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By Chris Gore | November 14, 2003

This is no “Mr. Show”…even though the subjects of anal sex, b********y and shitty pants are heavily debated. No, funny as it is, Bob Odenkirk’s new film is just as sad and even…intriguing.

Based on Michael Blieden’s play, Melvin Goes to Dinner focuses on four people getting together for dinner and drinks. As the evening continues, conversation turns from casual, to kinky, to dark and sinister. Ultimately, these people open up to each other, spilling forth their deepest, darkest secrets.

Bob Odenkirk spoke with us a bit about his new film.

How did the project come about, because it started as a play.
My wife saw this awesome play that had one of her clients in it (she’s a manager, a talent manager), and she told me it was an excellent play and really good, and I said, “That’s bullshit. Plays suck. They always suck.” She said, “No, no, it’s really good. I mean it.” And I said, “It doesn’t matter. It sucks.” So then I went and saw it and it was GREAT. And everybody loved it…not just me…the other people in the audience seemed to like it. And I walked out and I said, “There’s no way that was good, cuz it was a play. It had to suck, and something’s wrong with me: I ate something, somebody slipped me a hash brownie… something went wrong, cuz i liked that play.” So I went again, and it was great, and I thought, “Okay, maybe it’s good, but it’s still a play, so it can’t be good. Again, something’s still wrong with me. Maybe I have an inner ear infection.” You know how those things can throw your balance off and your judgment. Think George Bush has one? He has a very deep inner ear infection. That’s all it is. That’s the whole war with Iraq, it’s just an inner ear infection. Okay, I say the war with Iraq, but it hasn’t started yet. But come on, let’s face it, it’s gonna happen. It’s a matter of time.

So I saw it again! I saw it a third time; I saw it a fourth time; I saw it a fifth time. Because I really couldn’t believe this simple piece that Michael Blieden wrote began life as just this conversation between four characters in one location, there was no time passage at all. It was so entertaining and funny and sad, and just moving and great. And so after the fifth time I saw it, I started talking to the writer, Michael Blieden, and writing a screenplay of it, and thought of some hopefully inventive ways to shoot it, and tried to keep the original cast together, cuz the cast knew this piece so well. They’re so great and they’re pretty much unknowns. Annabelle Gurwitch you might know. She’s been in some features, and she’s been in TV shows. Matt Price you don’t know, and Stephanie Courtney you don’t know, and Michael Blieden you know from some commercials…for I think Miller Ice, if that exists. You can check. But they’re all excellent in this. And so, we wondered how we could keep that cast together, so we kept the budget low, and we got some good cameos… we got David Cross, we got Maura Tierney…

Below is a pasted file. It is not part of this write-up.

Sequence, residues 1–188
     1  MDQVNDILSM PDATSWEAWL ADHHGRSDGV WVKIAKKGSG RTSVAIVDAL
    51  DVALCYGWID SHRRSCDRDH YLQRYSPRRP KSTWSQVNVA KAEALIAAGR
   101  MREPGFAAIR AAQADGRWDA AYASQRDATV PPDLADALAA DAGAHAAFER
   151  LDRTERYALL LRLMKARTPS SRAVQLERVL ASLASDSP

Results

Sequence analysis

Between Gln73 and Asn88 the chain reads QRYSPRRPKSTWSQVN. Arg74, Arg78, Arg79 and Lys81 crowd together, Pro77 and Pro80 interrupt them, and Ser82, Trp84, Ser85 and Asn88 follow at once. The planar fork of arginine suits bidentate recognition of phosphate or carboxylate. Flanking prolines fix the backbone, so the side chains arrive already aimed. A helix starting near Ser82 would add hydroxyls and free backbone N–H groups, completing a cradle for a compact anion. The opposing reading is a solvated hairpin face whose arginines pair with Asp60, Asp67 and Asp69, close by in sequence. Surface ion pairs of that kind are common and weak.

How did you get David Cross?
Well, you know what? There’s this show called “Mr. Show with Bob and David” and I’m a huge fan of it. But I like the one guy; I don’t like the other guy. So the guy I don’t like – this short, balding, annoying chap, uh – I thought, “I’m going to try to make that guy look good for once.” That was my challenge as a director. So I got this fledging actor, David Cross…little Davey Cross, he likes to be called, so if you meet him on the street, Little Davey Cross… or you could call him Chicken Pot Pie Guy. He really loves to be called the Chicken Pot Pie Guy. I put him in it. And Maura Tierney is awesome… and Melora Walters is in it. She’s great, and you know her from many awesome films. And there’s also an unknown cameo: El Diablo, the uncredited. Watch for El Diablo. I can’t say his name, but he’s very well known, and you like him. You already like him, but I can’t say his name.

Have you ever had a life-changing experience at a dinner?
No, I wouldn’t say a dinner. I would say over a cup of, of… what’s that stuff that’s tea but it’s really intense and they put a lot of milk in it? Chai tea! Yeah, actually, some chai tea and a friend of mine, and I had a very important kind of life-changing experience having a conversation with a friend. But in the case of this movie, it’s like these four characters don’t really know they’re going to have this, conversation. They just think they’re getting together to hang out and have a very entertaining, light-hearted conversation. And they’re sort of all surprised by where it goes… which is I think intriguing and cool.

But when I found out the movie was about a bunch of people sitting around having dinner, I thought, “Wow! This could really suck! Like ‘My Dinner With Andre’!”
Yes, it could, yeah.

Yet, as soon as the characters started talking about b********y…

You had me at b********y. I mean, it’s hysterical like “Mr. Show.”
There’s b********y, there’s anal intercourse, fetishes, there are ghosts, there’s a little story about a guy who dies and is buried wearing a Wizards jersey…which is possibly the saddest thing you could… sad and funny at the same time.

One guy s***s himself while ejaculating…
One guy talks about shitting himself while ejaculating… but look, let’s not mislead people. This is a family film. It’s about a family get-together and a dying uncle. I always wanted to do a scene about a very, very old man who tells his family that he’s gay and he just realized it. It’s ‘93, and just a week ago he realized he’s gay. Would someone make this movie, please? Make my movie. “I’m very, very gay!” “How long have you known this, grandfather?” “Since I was 78!” “That was six months ago?” “Yes…” Okay, think about it. It’s very complex.

Get the rest of the interview in part two of MY DINNER WITH BOB>>>

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